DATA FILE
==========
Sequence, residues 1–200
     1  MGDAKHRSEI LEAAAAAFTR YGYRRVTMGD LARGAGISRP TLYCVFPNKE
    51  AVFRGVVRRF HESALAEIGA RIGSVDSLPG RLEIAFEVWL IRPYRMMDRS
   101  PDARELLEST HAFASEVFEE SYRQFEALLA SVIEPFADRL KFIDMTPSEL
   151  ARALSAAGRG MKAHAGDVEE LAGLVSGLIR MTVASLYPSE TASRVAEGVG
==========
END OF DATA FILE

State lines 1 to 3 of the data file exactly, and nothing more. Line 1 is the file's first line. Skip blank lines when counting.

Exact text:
Sequence, residues 1–200
     1  MGDAKHRSEI LEAAAAAFTR YGYRRVTMGD LARGAGISRP TLYCVFPNKE
    51  AVFRGVVRRF HESALAEIGA RIGSVDSLPG RLEIAFEVWL IRPYRMMDRS